‘Hotspot policing’ rolled out to more forces after violent crime fell by 70 per cent in pilot scheme

 ‘Hotspot policing’ rolled out to more forces after violent crime fell by 70 per cent in pilot scheme

“Hotspot policing” is to be expanded to more than a third of forces after the tactic was found to cut violent crime by more than 70 per cent.

Eighteen forces are to share in the £4.2million Home Office funding that will enable them to blitz “crime hotspots” with beat officers in high-viz jackets.

It is being expanded after the success of trials in Essex cut violent crime by 73.5 per cent in 20 areas targeted by police.

Kit Malthouse, the Policing Minister, said: “People want police officers visible on their streets, stopping violence and protecting people from harm and exploitation.

“That is what our smart new approach to hotspot policing does and I am delighted to see the tactic is already reducing high-harm crime in some areas and look forward to this success being replicated in other towns and cities across the country.”

Developed by Essex Police, the tactic puts regular, intensive, high-visibility police foot patrols into areas identified as at risk of serious violence for short periods of time.

Police data analysis will inform which areas are most at risk of violent crime and where the patrols should be targeted.

First piloted in Southend-on-Sea , Essex, in 2020, the tactic resulted in the 73.5 per cent fall in violent crime and  a 31.9 per cent fall in street crime in the 20 highest crime hot spots on days when patrols visited, compared with days they did not.

Other trials have shown similar results – a recent hotspot operation by Bedfordshire Police across 21 neighbourhoods saw harm from serious violence drop by 44 per cent on patrol days.

The additional £4.12million will bring the total funding given to those 18 forces to tackle serious violence to £28.6million in 2021.

Detective Chief Inspector Lewis Basford of Essex Police, who designed the hotspot policing as part of his Masters degree in Criminology from Cambridge University, said he was “thrilled” at its expansion.

“This is simply police doing high-visibility policing. It’s nothing new, but it does get results,” he said.

“We’re committed to tackling violent crime in Essex, and we know that one of the main factors of this type of crime in our county is the sale of drugs and the impact that has on our communities. 

“Our Op Raptor teams, which tackle street and drugs gangs, made 272 arrests in the first six months of 2021, and we’ll continue to arrest the perpetrators of these cowardly, destructive crimes.”    

The 18 forces are Metropolitan Police, West Midlands, Greater Manchester, Merseyside, West Yorkshire, South Yorkshire, Northumbria, Thames Valley, Lancashire, Essex, Avon and Somerset, Kent, Nottinghamshire, Leicestershire, Bedfordshire, Sussex, Hampshire, South Wales.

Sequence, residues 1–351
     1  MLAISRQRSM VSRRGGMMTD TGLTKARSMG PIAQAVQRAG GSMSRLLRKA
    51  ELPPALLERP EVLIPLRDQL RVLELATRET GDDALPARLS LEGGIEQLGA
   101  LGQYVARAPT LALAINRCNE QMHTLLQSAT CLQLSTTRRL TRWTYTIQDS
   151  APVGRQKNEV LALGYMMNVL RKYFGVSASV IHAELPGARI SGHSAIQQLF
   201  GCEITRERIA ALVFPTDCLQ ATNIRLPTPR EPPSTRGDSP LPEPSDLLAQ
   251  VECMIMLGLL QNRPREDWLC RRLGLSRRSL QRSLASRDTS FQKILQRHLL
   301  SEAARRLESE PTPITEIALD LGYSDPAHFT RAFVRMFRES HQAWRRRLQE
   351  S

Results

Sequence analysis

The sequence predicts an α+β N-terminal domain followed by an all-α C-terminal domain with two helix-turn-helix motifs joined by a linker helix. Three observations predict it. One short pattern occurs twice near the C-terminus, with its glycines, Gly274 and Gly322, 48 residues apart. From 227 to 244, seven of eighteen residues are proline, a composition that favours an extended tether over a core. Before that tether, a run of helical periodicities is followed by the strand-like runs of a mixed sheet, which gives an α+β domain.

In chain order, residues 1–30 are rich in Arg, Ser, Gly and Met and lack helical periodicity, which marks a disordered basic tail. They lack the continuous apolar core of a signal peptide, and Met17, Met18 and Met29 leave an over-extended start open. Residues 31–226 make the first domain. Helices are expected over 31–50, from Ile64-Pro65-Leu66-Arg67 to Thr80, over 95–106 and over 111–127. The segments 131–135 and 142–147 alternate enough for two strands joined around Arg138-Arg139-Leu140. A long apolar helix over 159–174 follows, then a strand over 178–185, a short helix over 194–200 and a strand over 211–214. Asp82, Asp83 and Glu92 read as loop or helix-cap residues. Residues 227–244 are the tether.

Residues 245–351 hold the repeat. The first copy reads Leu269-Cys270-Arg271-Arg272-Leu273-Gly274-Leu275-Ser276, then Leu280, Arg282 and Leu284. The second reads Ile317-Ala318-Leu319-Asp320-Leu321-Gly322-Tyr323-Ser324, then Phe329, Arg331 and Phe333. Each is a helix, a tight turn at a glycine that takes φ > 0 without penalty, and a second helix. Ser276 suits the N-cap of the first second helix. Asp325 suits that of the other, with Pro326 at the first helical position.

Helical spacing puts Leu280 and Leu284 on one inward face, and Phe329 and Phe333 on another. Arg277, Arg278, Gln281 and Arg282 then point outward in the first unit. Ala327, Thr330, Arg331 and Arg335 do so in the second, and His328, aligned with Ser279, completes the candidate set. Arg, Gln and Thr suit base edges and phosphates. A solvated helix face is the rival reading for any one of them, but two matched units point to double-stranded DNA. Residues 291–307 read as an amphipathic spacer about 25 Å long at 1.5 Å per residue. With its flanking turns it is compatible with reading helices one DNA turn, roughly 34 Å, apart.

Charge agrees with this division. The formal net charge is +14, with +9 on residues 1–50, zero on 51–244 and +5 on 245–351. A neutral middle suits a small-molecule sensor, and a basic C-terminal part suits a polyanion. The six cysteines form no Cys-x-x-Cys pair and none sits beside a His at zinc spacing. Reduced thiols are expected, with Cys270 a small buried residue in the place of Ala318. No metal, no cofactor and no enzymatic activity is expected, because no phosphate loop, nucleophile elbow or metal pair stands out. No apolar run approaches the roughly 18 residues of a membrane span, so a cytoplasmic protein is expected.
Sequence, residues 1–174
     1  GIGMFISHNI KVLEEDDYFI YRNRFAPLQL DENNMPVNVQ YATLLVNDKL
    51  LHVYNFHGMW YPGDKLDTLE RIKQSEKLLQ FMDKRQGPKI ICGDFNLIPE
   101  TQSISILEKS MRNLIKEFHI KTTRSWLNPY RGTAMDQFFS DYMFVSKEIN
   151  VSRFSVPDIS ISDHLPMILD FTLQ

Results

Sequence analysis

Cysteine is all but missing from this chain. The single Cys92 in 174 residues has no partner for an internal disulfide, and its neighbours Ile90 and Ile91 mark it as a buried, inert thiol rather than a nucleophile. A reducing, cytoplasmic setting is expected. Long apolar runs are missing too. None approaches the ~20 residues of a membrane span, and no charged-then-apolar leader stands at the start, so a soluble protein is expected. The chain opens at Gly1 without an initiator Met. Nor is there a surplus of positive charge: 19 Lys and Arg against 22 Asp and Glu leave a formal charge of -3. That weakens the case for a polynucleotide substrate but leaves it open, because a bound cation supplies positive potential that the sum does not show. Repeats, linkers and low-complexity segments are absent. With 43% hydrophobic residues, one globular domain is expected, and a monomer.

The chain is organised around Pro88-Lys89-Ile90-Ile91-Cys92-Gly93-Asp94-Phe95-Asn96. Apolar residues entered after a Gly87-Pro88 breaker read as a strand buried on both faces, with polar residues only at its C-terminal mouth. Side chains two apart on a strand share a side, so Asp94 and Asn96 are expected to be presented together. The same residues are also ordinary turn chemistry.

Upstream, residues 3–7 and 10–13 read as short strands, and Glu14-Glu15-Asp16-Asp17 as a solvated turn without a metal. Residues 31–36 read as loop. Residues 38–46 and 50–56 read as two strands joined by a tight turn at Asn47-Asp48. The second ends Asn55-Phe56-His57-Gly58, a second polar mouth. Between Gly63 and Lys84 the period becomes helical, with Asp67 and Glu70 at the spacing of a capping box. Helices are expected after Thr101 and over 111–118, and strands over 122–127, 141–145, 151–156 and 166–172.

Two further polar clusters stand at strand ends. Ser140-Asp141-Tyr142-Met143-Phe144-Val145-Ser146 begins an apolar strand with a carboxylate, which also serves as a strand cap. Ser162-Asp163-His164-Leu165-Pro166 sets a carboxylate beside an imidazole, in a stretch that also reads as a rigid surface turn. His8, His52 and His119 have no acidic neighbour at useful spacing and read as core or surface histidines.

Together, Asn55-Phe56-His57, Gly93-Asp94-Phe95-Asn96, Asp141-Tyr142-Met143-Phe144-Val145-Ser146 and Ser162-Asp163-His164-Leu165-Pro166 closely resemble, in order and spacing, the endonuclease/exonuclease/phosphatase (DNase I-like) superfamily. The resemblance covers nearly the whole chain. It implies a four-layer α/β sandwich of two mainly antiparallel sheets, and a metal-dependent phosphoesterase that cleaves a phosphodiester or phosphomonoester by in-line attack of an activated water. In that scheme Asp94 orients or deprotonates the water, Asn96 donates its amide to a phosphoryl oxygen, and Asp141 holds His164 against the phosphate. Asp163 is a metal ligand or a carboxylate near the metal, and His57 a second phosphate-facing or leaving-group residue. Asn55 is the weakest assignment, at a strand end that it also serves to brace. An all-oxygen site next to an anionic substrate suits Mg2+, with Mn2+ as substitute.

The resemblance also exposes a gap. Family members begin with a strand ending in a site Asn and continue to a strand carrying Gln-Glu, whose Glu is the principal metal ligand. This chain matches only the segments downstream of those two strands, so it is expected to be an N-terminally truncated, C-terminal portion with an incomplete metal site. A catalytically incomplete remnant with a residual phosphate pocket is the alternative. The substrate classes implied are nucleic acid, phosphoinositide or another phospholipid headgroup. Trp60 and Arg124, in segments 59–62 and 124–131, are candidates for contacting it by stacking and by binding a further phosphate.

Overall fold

This Government is determined to make our streets safer 

Over the years, I’ve met too many parents of children whose lives have been cut short by serious violence. The pain and grief they have to endure is heartbreaking.

While we cannot bring back their son or daughter, we owe it to them to do everything in our power to prevent further tragedies – which is why driving down crime is an absolute priority for this Government and we are taking action across the board to make our cities, towns and villages safe.

That includes putting more police officers on the ground to reassure the public, protect people from harm and act as a deterrent for would-be criminals.

Today we are announcing extra money to tackle violent crime this autumn using intensive, high-visibility police patrols.

Eighteen forces across England and Wales have been invited to bid for a share of an additional £4.12million to increase hotspot policing.

This involves operating regular police foot patrols for specific periods of time in areas where there is a risk of violence taking place.

When deploying hotspot policing, forces need to know where to focus their resources. Smart data analysis determines which areas are most at risk of violent crime and where patrols should be targeted.

Essex Police have shown the way in developing this approach, and yesterday I visited the force to hear about their success. The statistics are impressive.

First piloted in Southend-on-Sea in 2020, the tactic resulted in a 73.5 per cent drop in violent crime and a 31.9 per cent fall in street crime in the 20 highest crime hotspots on days when patrols visited, compared with days they did not. 

Other trials have shown positive results – a recent hotspot operation by Bedfordshire Police across 21 hotspot neighbourhoods saw harm from serious violence drop by 44 per cent on patrol days.

Ultimately, this is about saving lives and these numbers underline just how much of an impact hotspot policing can have, which is why we are providing extra funding to roll out the tactic more widely.

This is just the latest step in our wide-ranging effort to deliver a safer society for all.

Over the summer, we published the Beating Crime Plan, which is our blueprint for delivering on that ambition and building on our progress so far, which includes already recruiting almost half of the 20,000 additional police officers promised by 2023.

Our Police, Crime, Sentencing and Courts Bill also contains assertive measures to drive down serious violence.

Be assured, our work will be relentless. Violent crime destroys lives. It shatters families. And it creates fear in our communities.

The law-abiding majority in this country rightly want to see change – and that is what we are determined to deliver.

 Kit Malthouse is the Minister of State for Crime and Policing 

Related post